Here's A Test To See If Raj Rajaratnam Is Guilty Of Diligence Abuse

There was a time in this country, before the SEC, that fiduciaries were expected to perform as much due diligence as possible before committing an investor’s funds to any company. This included discussions with management, vendors and customers, and a thorough evaluation of a company’s prospects. Due diligence, plus the principles of diversification, were considered the prudent way to manage money and eventually led to the “prudent man rule.”

Today, the way the rules are interpreted, if you ask too many questions before you invest you may find yourself locked up. What happened!?

Almost a century ago when the masses realised that equities could outperform bonds more and more people began to invest in the equity markets, and many did so without experience. The result was informed investors (those that did their due diligence) outperformed uninformed investors.

After the ’29 crash, the newly formed regulators instituted a number of progressive actions intended to level the playing field. They required companies to make regular disclosures of financial data, release material information in a timely manner, and more recently, prohibit overly inquisitive investors from interrogating company stakeholders. It is the later action that is questionable.

The line of demarcation between information and “insider” information was initially easy to see. If you obtained knowledge before it was publicly disclosed (in one famous case a trader obtained it from the printer of the annual report a few days before it was to be released), you crossed the line. But if you happened to infer the same information by the sweat of your brow, by market analysis, sampling vendors and customers, etc. you were ok. But lately the line has shifted to make even this honest due diligence questionable.

Here are three hypothetical situations. Pretend you are a money manager and see if you can answer them correctly and still act in your client’s best interests:

A. You happen to know a doctor that is testing a new drug for a biotech company and he tells you that in his opinion the drug is amazing. You are uncertain if this information is public. Can you buy shares in the company?

B. You were studying Apple Computer a few years ago and read that they are coming out with a mobile phone. Can you check with friends you know that are Apple vendors and beta customers before you decide to buy shares?

C. You are thinking of investing with Bernie Madoff but the returns sound too good to be true. Can you check with the regulators to make sure there are no outstanding problems or investigations before you invest?

You are not going to like the answers.

A.  The latest interpretations of the rules suggest that biotech can’t be bought. It does not matter what you think about the news or how you learned it. If the news you uncovered is deemed to be material you are in jeopardy. Sorry.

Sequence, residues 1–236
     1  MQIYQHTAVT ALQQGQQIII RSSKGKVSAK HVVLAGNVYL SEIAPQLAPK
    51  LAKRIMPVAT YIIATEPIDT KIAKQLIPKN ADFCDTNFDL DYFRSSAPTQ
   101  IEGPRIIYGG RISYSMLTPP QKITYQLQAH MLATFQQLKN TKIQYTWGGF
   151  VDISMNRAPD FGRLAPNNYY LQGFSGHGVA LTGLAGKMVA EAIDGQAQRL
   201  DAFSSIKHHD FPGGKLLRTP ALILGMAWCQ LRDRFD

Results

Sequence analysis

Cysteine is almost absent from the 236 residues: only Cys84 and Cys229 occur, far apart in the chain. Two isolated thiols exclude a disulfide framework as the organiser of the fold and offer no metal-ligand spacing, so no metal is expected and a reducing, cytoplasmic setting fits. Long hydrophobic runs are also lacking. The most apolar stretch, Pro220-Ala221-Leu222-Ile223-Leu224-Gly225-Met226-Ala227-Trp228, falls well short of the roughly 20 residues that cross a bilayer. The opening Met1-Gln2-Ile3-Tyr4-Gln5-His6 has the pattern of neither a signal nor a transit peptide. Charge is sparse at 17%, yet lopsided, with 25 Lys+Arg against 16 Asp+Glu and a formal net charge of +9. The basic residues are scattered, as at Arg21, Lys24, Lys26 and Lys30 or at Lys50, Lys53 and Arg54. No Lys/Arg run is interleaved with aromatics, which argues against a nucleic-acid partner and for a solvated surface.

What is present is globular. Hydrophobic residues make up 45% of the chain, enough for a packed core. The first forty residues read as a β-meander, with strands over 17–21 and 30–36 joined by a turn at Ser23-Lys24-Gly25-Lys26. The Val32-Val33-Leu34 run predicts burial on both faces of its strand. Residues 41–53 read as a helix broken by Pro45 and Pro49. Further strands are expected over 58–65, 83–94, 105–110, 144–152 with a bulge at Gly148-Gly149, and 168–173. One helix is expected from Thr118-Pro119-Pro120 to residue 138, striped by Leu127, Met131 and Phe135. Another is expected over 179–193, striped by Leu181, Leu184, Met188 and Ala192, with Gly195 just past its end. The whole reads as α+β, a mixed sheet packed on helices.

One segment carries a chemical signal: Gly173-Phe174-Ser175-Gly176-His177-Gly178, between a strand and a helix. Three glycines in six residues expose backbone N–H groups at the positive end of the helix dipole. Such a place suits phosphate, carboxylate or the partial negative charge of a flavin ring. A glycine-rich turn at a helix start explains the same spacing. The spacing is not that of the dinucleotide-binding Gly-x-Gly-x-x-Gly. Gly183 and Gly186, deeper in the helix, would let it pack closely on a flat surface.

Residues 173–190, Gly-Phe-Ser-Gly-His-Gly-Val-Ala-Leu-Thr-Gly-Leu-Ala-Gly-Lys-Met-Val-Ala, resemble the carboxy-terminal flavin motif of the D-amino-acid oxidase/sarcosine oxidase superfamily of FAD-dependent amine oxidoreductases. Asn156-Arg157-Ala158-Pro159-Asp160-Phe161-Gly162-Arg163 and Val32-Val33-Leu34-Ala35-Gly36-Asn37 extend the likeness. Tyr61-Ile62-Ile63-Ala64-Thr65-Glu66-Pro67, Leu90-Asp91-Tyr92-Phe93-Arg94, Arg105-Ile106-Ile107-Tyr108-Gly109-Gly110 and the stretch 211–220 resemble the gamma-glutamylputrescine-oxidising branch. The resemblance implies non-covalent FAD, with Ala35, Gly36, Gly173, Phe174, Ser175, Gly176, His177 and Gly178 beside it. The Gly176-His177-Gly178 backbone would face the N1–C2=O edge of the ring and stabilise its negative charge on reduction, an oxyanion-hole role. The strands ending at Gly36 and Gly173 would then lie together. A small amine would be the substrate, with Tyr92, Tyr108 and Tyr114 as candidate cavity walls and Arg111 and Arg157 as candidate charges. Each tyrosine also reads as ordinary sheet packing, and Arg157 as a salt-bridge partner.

B. Nor can you invest in Apple if you talked to vendors or customers that might have inadvertently revealed material information. I know you only wanted and find out if the product looked good but under today’s interpretations, such inquiries are tantamount to cheating. Sorry again.

C. Good news. You can invest with Madoff. It is ok to check with the regulators. Sorry they didn’t actually know anything useful, and sorry you lost your client’s money, but at least you didn’t break the law.

In an effort to level the playing field among investors the regulators have effectively lowered the bar on due diligence standards. You are now expected to rely on what the company discloses, take comfort in the regulators, and avoid digging too deep.

No doubt Raj went overboard on his diligence and broke the rules as they are now interpreted. Couple this with arrogance and making a lot of money and Raj is cooked.  I am not trying to defend him just suggesting we don’t throw the baby of diligence out with the bathwater of overly restrictive rules.

Instead of discouraging extensive diligence we should adopt a system that encourages aggressive price discovery. What better way to root out the Enron’s and Madoff schemes than a market full of super diligent investors. This would be hundreds of times more effective than relying on the regulators to spot all possible frauds. If this approach is too Ayn Randian for some we could require that any undisclosed material information discovered be posted on a public forum 24 hours before it is acted upon. Thus, effectively creating a “safe harbor” for the discoverer – and encouraging more rogue research.

The free market may be messy but it sure trumps the efforts of most well-meaning regulators when it comes to getting to the bottom of things. Raj had a talent – too bad he failed the abuse test.

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